The Wall Street Journal ran a feature today titled Even Lawyers Get the Blues: Opening Up About Depression. One quote from the article might be surprising to law students or those outside of the legal profession. "That lawyers are among the most miserable of men -- and women -- is well-known. Some 19% of lawyers suffer depression at any given time, compared with 6.7% of the population as a whole, says the University of Arizona's Connie Beck, a leading researcher on the subject." Oklahoma City attorney Jim Webb and some other Oklahomans are featured in the video clip.
The online version of the ABA Journal also discussed this today in an article titled Lawyer Depression Comes Out of the Closet. This article makes note of the "fact" that "[p]essimists excel at law, but they are at risk for depression." I found that interesting and dug a little deeper. It was based on a study indicating that pessimistic law students got better grades, were more likely to make law review and get "better" job offers. It is probably equally true that those who had no social or personal life outside of law school did better in those three categories as well. Would they have better lives or enjoy more success? As noted in the comments to a prior ABA article, I'm not sure that one can make that leap of logic. Thanks to Carly for giving us the link to the original article, outlining the positive contributions of being optimistic.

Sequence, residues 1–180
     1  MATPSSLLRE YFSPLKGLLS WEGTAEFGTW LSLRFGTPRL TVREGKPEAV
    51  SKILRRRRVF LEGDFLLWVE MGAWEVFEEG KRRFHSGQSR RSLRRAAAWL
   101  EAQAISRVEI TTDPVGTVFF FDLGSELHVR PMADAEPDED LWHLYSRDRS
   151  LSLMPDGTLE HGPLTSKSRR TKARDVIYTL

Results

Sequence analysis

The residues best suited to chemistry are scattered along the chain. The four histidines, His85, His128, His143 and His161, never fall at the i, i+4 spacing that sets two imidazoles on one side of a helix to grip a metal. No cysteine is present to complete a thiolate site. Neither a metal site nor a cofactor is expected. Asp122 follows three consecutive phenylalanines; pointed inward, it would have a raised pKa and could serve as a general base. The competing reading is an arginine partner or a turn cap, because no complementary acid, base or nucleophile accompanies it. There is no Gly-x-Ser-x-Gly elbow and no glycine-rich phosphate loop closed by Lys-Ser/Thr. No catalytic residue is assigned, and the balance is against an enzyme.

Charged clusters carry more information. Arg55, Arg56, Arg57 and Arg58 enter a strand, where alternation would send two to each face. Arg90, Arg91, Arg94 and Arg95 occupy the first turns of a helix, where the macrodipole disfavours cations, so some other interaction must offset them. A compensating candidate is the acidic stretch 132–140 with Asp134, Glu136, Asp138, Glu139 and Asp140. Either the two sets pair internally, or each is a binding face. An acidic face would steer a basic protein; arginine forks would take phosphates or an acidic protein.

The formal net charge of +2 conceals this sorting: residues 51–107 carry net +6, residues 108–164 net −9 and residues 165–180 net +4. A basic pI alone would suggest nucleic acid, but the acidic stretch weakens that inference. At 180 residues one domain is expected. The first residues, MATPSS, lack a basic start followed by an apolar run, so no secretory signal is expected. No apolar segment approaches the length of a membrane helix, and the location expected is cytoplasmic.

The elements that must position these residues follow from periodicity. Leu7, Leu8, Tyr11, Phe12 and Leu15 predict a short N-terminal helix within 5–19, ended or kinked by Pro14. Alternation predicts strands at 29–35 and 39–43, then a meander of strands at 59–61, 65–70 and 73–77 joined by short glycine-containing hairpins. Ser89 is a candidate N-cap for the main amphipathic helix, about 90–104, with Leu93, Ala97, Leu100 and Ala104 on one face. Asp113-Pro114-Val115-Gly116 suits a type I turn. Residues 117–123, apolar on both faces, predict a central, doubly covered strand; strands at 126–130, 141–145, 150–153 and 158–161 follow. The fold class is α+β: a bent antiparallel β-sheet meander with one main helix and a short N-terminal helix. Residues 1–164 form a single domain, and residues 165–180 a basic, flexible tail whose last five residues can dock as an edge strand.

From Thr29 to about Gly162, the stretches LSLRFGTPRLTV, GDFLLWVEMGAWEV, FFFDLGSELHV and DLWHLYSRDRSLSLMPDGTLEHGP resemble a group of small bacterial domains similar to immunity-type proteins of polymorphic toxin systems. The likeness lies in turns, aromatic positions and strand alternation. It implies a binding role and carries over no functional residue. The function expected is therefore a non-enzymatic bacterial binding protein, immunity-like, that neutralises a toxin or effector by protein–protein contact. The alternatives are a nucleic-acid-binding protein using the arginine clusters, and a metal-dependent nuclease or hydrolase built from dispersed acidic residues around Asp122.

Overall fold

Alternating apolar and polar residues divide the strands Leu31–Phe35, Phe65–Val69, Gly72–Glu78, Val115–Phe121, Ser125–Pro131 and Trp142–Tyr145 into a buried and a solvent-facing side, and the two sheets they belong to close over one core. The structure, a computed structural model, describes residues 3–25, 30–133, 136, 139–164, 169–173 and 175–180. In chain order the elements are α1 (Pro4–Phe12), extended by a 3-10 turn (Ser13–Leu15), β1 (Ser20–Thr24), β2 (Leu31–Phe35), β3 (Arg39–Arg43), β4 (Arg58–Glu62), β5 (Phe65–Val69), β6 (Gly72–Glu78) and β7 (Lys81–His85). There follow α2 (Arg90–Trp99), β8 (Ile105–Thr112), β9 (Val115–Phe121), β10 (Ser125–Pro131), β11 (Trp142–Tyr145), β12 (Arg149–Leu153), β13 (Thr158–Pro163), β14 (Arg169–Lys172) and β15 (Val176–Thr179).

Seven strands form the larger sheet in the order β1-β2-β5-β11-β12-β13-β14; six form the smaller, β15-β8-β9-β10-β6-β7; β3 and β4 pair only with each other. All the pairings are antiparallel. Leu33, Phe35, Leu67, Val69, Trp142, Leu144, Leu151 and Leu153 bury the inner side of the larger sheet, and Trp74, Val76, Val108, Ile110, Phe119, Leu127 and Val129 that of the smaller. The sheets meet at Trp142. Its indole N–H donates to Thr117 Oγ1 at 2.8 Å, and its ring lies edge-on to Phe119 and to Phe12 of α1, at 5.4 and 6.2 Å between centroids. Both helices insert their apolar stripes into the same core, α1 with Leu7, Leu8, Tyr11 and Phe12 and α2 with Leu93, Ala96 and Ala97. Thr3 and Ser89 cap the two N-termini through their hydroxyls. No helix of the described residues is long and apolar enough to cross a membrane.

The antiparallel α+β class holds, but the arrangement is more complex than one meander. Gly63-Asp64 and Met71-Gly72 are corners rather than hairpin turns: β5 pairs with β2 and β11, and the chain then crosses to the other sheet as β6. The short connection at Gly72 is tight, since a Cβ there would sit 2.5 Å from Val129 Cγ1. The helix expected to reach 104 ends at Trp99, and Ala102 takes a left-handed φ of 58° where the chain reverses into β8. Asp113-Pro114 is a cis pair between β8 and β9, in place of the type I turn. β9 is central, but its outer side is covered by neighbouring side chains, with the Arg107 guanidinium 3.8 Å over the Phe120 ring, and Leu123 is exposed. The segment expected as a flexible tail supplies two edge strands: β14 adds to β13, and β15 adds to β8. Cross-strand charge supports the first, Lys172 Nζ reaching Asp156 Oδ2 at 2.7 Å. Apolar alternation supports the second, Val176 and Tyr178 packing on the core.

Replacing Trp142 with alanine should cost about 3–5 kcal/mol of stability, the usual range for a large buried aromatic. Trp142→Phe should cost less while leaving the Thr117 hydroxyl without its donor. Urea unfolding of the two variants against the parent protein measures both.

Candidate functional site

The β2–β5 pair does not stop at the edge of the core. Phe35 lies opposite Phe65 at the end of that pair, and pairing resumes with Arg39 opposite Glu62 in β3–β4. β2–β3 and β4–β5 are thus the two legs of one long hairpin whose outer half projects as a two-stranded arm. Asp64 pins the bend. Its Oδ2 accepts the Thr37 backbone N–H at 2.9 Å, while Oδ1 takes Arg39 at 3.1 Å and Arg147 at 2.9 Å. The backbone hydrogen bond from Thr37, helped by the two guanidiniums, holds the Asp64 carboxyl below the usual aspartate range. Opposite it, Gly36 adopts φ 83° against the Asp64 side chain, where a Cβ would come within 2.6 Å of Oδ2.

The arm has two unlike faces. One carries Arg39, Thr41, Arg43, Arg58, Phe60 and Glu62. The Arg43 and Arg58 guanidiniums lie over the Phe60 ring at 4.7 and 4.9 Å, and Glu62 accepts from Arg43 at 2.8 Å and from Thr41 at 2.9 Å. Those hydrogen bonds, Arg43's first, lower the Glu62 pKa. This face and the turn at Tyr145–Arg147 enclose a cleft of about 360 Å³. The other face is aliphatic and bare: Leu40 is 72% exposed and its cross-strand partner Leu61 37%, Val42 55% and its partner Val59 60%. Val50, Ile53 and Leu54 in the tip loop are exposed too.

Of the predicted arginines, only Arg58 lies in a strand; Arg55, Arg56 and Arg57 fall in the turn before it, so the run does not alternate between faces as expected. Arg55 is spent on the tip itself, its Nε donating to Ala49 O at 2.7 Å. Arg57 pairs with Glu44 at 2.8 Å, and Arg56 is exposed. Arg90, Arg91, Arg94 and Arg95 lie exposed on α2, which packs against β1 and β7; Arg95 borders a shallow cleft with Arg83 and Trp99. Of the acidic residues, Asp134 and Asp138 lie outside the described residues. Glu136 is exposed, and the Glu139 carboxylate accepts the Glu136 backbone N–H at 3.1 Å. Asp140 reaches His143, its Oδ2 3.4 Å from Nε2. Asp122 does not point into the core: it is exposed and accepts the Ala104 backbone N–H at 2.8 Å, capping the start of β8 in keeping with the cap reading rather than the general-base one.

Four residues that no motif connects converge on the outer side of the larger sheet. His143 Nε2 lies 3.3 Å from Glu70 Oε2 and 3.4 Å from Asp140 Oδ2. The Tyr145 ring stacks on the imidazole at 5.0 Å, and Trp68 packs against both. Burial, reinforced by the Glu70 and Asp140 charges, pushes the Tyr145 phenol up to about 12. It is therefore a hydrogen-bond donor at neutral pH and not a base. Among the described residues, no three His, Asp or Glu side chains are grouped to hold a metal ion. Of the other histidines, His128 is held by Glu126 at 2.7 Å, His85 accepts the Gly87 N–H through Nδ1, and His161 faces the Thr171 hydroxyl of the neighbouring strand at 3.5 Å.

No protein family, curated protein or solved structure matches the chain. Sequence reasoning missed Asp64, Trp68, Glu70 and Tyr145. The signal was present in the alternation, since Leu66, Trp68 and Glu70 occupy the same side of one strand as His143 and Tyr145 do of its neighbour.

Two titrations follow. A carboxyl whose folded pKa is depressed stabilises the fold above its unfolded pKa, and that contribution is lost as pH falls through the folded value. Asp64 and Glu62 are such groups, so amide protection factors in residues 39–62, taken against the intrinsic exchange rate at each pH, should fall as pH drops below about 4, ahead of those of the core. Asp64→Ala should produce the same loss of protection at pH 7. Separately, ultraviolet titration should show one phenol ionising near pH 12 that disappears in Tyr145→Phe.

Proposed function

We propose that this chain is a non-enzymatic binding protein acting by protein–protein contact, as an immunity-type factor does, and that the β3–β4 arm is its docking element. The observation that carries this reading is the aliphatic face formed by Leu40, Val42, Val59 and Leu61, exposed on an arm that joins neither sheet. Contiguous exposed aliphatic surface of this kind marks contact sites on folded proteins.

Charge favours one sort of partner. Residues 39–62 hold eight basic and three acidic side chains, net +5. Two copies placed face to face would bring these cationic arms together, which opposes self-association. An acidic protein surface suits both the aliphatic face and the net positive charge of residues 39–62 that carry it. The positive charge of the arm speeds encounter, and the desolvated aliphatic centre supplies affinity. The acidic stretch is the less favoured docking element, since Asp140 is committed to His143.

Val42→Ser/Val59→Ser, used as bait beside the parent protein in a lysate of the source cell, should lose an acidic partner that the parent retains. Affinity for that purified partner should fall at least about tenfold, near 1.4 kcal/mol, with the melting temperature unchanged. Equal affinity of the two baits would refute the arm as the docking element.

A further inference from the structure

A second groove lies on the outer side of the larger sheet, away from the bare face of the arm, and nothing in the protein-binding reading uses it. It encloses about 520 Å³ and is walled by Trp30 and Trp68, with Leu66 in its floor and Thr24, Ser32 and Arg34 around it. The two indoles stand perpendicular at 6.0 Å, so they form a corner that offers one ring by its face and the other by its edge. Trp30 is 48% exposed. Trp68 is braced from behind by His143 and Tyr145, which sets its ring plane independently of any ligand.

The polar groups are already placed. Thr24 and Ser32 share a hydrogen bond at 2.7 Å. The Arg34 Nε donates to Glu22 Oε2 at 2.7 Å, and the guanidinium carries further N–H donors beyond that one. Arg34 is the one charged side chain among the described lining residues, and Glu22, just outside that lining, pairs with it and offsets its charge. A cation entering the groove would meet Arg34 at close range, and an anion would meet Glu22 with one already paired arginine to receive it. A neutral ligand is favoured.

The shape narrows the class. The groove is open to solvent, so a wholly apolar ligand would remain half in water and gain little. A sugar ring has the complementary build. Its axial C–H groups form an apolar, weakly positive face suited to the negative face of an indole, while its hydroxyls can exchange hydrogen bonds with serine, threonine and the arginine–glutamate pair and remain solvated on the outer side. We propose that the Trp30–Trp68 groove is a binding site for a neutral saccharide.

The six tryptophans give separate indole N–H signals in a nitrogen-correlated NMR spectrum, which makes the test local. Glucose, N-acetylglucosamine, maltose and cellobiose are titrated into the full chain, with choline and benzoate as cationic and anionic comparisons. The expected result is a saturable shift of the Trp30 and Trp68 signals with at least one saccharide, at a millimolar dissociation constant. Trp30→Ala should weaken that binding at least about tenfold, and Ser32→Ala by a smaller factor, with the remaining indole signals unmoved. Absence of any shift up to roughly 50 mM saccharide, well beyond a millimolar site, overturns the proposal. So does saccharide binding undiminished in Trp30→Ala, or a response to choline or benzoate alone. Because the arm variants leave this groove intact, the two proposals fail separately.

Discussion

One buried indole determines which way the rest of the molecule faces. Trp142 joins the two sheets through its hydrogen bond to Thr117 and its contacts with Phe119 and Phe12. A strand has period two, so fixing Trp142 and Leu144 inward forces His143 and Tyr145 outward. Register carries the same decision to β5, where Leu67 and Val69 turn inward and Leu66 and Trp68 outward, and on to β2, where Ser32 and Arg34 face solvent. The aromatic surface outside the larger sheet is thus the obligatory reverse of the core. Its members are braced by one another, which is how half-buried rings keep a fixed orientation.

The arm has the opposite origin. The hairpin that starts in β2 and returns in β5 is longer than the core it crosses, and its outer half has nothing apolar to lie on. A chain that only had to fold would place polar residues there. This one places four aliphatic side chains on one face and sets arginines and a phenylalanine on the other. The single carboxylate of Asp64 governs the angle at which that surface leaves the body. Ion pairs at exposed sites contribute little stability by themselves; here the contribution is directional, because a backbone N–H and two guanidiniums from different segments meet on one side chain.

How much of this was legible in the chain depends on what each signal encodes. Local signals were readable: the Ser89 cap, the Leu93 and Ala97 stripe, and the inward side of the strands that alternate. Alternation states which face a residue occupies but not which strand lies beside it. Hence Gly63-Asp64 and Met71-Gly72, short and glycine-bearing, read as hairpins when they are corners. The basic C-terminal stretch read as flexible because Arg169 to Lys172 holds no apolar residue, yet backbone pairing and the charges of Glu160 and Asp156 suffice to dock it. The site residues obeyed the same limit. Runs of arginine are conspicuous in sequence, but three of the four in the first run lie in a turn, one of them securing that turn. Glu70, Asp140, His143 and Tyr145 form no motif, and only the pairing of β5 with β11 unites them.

At one time we were experiencing at least one lawyer suicide per month in Oklahoma. The Oklahoma Bar responded with an improved crisis hotline and initial free mental health counseling for lawyers. They have fielded a lot of calls. We work in a stressful profession. People bring us their problems and expect us to fix them. We search for the truth in adversarial courtroom settings. We often deal with important and significant high-stakes situations. Your law practice tip today is to be alert for your own mood changes and to take care of yourself this holiday season.